With the lost of Italy’s top two magistrates that legally waged war against the Sicilian Mafia, many Sicilians started to take matters into their own hands, especially women. “The Bed Sheet Commission of Palermo”(Il Comitato dei Lenzuoli di Palermo), were a group of women in the city of Palermo, who printed the faces of Falcone and Borsellino on their bed sheets along with the saying: “Non li avete uccisi: Le loro idee camminano sulle nostre gambe”, [You have not killed them: Their ideas walk on our legs.] All over Palermo these sheets were hanging from the balconies of most apartment buildings. They transmitted the sentiment that the Mafia was not a liked organization and that the people would fight back and no longer stand for such a backward and oppressive society.5

Berlusconi: and the Mafia Connection - 1993-2004

On January 26, 1994, Silvio Berlusconi a political outsider, business tycoon who owned and continues to own Fininvest, one of the top ten privately owned companies in Italy, Mediolanum, Mediaset, the soccer club A.C. Milan, the largest Italian publishing house Mondadori and centre right wing newspapers such as Il Giornale, announced his decision to enter the field of politics.

His rise was made possible due to the political crisis known as Mani Pulite [Clean Hand]. The latter scandals cam to the fore when a nationwide Italian judicial investigation into political corruption and crimes committed occurred by industry leaders.  Nonetheless knowing that his businesses may be investigated, Berlusconi created the Forza Italia [Go Italy] party that was a right wing political party that made strong alliances with Lega Nord [Northern League], Polo delle Libertà [Poles of Liberty] and the Alleanza Nazionale [National Alliance] parties.


The Lega Nord is a strong right wing northern Italian district party founded in 1991. Led currently by Umberto Bossi, it is a federation of several regional parties of Northern and Central Italy who advocate succession from the state of Italy due to their common idea that its southern regions steal all the money from the North. Their hatred for these southern regions comes from the failure of La Cassa per il Mezzogiorno- a fund created for the South in the 1950s to stimulate economic growth and development for Sicily, Sardegna, Calabria, Molise, Puglia and Basilicata. Due to corruption in the Italian government, money was appropriated neither efficiently nor honestly which led to a complete halt of the project, inevitably keeping the South from economically growing like the rest of the regions in Italy. Since the South was originally made up of different latifundia [agricultural estates], it never really went through the industrialization that the central and northern regions experienced. In order to start an industrial in the South, the government created the fund to speed up the process and to create more jobs.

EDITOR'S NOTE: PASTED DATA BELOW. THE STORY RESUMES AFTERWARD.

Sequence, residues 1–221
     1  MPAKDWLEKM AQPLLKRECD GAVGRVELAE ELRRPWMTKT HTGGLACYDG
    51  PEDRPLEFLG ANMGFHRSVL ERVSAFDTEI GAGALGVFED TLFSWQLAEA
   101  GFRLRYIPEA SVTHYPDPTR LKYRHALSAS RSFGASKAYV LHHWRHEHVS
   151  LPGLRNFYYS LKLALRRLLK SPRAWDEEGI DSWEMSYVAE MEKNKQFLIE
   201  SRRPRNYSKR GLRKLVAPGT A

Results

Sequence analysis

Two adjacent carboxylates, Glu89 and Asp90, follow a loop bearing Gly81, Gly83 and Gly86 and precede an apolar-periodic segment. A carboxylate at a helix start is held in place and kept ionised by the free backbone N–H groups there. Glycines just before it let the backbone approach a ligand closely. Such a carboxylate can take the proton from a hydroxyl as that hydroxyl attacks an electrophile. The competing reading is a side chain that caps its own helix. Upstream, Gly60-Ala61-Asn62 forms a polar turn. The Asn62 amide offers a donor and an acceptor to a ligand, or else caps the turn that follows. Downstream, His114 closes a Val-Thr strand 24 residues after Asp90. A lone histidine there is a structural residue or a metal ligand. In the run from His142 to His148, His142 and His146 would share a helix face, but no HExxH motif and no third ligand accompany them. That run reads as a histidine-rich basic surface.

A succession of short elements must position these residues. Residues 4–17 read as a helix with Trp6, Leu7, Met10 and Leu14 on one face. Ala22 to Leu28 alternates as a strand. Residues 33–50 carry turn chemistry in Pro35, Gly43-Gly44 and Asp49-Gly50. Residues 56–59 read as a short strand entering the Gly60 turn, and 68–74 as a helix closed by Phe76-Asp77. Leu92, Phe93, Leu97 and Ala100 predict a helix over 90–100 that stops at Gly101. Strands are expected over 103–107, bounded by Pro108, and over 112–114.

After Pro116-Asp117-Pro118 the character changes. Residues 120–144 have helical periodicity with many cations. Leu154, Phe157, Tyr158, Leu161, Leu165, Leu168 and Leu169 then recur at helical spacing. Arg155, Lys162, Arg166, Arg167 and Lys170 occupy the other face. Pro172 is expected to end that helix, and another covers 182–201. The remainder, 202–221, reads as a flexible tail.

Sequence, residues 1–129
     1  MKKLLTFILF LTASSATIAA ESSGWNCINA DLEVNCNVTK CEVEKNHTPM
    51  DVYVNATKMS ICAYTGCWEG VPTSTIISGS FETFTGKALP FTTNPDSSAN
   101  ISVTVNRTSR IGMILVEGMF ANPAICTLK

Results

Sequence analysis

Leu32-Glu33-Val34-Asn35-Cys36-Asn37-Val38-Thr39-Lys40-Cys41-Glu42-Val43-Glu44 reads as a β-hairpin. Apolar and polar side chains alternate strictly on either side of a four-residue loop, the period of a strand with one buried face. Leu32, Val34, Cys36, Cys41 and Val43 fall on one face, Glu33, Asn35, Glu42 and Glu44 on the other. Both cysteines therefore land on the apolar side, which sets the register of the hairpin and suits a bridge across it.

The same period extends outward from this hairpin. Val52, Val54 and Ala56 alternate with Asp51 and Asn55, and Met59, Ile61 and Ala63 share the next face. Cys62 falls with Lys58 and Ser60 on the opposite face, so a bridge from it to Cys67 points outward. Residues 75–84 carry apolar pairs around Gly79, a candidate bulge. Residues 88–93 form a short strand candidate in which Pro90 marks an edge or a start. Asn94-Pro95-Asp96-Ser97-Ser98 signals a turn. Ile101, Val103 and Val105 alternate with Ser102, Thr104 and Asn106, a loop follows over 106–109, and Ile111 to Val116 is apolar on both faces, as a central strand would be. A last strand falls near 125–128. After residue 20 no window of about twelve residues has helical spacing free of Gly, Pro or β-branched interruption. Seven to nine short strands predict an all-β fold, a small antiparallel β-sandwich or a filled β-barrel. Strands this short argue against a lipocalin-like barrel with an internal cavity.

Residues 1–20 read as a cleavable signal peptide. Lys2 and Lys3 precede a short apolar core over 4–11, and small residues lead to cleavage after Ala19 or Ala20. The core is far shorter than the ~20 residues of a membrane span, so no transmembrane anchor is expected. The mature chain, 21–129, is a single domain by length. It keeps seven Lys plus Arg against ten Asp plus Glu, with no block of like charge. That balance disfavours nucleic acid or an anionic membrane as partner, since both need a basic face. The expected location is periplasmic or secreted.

The party Polo delle Libertà [Pole of Freedoms] was a center-right electoral coalition created by Silvio Berlusconi in 1994. At first, only in Northern Italy, it quickly expanded to the south with the creation of the Pole of Good Government. The Alleanza Nazionale or National Alliance is a post-fascist political party currently led by Gianfranco Fini whom is also the President of the Italian Chamber of Deputies. Before the National Alliance existed, Fini was secretary of the Movimento Sociale Italiano [Italian Social Movement Party] until it dissolved in 1995. It was founded after in the light that the right wing would continue to rule the government. With a neo-fascist ideology, Berlusconi won the three months after he created his Forza Italia party in March 1994. He launched one of the greatest electoral campaigns in modern history with numerous advertisements on his three TV networks. He subsequently won the elections with Forza Italia garnering 21 percent of the popular vote, the highest percentage of any single party.6

In December 1994 his coalition collapsed after Umberto Bossi left the coalition due to Berlusconi being investigated by Milan magistrates for allegedly having connections to the Mafia. However this was not the sole reason for the collapse of the governing coalition. It could be argued that it collapsed because of a contradiction within, the Northern League was fluctuating between federalist and separatist positions and the National Alliance did not renounce neo-fascism at the time.

 During the time period between 1994-2008 Berlusconi has had twenty-two criminal allegations against him. Five of the twenty-two were dropped trials that consisted of bribery of judges, bribe to Bettino Craxi, Lentini affair of false accounting, these three crimes were dropped due to time limits7, Propaganda 2 Masonic lodge trial of false testimony and the Macherio estates false accounting trial, in both trials amnesty applied due to the 1992 fiscal remission law there for no time was served by the Prime Minister. Eight crimes were acquitted. These eight consisted of, false accounting on All Iberian 2 and Sme-Ariosto 2 that were acquitted since Berlusconi passed a law on false accounting that covered him8. The other acquittals included bribery of the Guardia di Finanza, bribes to judges, false accounting of a Cinema company.